Gaming Disorder is a real addiction insists the WHO

Chris Davies - Jun 18, 2018, 5:07 pm CST
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Gaming Disorder is a real addiction insists the WHO

Addiction gaming is a real condition, the World Health Organization has decided, though not everybody agrees with the conclusion. The WHO released the latest version of its International Classification of Diseases, ICD-11, today, and among the changes from the previous iteration is that “gaming disorder” has been added to the section on addictive disorders.

It doesn’t exactly come as a surprise to find it there. The WHO was discussing adding gaming addition back in December 2017, when it introduced it in a draft version of ICD-11. There’s a difference between just enjoying playing video games and being addicted, mind; in fact, there are three primary criteria by which it’s judged.

It manifests by impaired control over gaming, for example, such as the player being unable to control the onset, frequency, intensity, duration, termination, or context of the gaming session. The player will give increasing priority to gaming, so that it takes precedence over other life interests and daily activities. Finally, gaming continues – or escalates – despite leading to negative consequences.

According to the WHO, the disorder can be either online or offline, and typically evident over a period of twelve months. That, though, may be adjusted depending on the severity of the observed addiction.

“For mental health conditions, ICD codes are especially important since the ICD is a diagnostic tool, and thus, these are the conditions that often garner much of the interest in the ICD,” the WHO said today. “These include gaming disorder, which evidence shows is enough of a health problem that it requires tracking through the ICD.”

The ICD is used internationally to diagnose and codify incidents of diseases and disorders, including – though not limited to – mental health conditions. In a way it’s similar to the DSM, or Diagnostic and Statistical Manual of Mental Disorders, used by the American Psychiatric Association (APA). However, the DSM falls short of declaring gaming addiction a legitimate disorder.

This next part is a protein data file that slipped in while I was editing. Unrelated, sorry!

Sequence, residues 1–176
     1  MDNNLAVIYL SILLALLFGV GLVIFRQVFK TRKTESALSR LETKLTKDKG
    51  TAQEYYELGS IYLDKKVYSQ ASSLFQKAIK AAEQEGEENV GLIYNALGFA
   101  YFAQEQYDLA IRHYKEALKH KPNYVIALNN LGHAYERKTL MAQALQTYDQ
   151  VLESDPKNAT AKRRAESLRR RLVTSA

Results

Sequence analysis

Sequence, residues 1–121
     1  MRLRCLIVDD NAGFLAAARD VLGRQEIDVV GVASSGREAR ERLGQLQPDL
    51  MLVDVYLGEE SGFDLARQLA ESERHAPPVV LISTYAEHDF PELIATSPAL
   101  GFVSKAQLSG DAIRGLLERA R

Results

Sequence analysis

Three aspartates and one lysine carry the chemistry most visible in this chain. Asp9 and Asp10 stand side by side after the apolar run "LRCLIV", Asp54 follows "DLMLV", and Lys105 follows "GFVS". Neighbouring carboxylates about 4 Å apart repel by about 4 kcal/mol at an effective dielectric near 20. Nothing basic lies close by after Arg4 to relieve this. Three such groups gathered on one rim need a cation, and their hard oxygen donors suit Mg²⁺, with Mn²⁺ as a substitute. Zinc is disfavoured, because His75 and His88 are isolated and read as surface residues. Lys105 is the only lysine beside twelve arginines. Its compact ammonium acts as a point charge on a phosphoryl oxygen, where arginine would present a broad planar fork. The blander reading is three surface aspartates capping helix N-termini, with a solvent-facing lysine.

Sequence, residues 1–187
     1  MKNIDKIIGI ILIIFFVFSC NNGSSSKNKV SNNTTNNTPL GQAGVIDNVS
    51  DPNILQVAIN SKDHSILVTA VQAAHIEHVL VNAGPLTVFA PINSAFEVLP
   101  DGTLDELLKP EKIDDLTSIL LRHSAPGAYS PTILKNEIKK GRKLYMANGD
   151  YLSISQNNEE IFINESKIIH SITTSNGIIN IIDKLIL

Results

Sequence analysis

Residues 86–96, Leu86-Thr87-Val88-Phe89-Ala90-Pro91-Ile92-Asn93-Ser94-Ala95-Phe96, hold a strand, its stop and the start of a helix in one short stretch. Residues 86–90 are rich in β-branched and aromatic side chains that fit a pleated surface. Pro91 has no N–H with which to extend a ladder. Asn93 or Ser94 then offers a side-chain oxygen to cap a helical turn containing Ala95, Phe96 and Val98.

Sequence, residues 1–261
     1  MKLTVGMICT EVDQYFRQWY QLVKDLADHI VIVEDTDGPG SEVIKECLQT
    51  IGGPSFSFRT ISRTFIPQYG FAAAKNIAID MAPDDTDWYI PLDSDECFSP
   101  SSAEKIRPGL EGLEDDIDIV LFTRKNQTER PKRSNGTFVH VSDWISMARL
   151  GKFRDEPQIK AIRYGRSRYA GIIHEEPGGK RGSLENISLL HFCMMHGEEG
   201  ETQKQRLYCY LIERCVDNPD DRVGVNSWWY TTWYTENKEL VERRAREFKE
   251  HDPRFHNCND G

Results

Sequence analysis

Instead, it’s classed as a “condition for further study” in the DSM-V, the most recent version. That was released in 2013, and the APA is yet to say whether it intends to change its position come the next iteration of the Manual. Among the concerns of skeptics is the possibility that, by explicitly codifying gaming addiction, it could end up heaping further stigma on video games in general.

“Experts worldwide are urging caution regarding the World Health Organization’s proposed ‘gaming disorder’ as it may lead to misdiagnosis of real mental health conditions,” The Entertainment Software Association, which represents many gaming companies, argued in a statement today. “It is concerning to see the ‘gaming disorder’ proposal in this draft despite significant opposition from the medical and scientific community. The research supporting inclusion is highly contested and inconclusive. There is not objective evidence to define and diagnose overuse and that may result in misdiagnosis.”

The ICD-11 doesn’t come into effect until January 1, 2022, with today’s release being “an advanced preview” to give countries the chance to prepare for its changes. While mental health practitioners are one key audience, the document is also instrumental among health insurers, who use its classifications to decide on reimbursement and more.

Among the other changes to the ICD-11 are a new chapter on traditional medicine, the first time it has been included in the document. The WHO has also added a distinct chapter on sexual health for the first time. Among its purposes is to move “gender incongruence” from its previous listing under mental health conditions.


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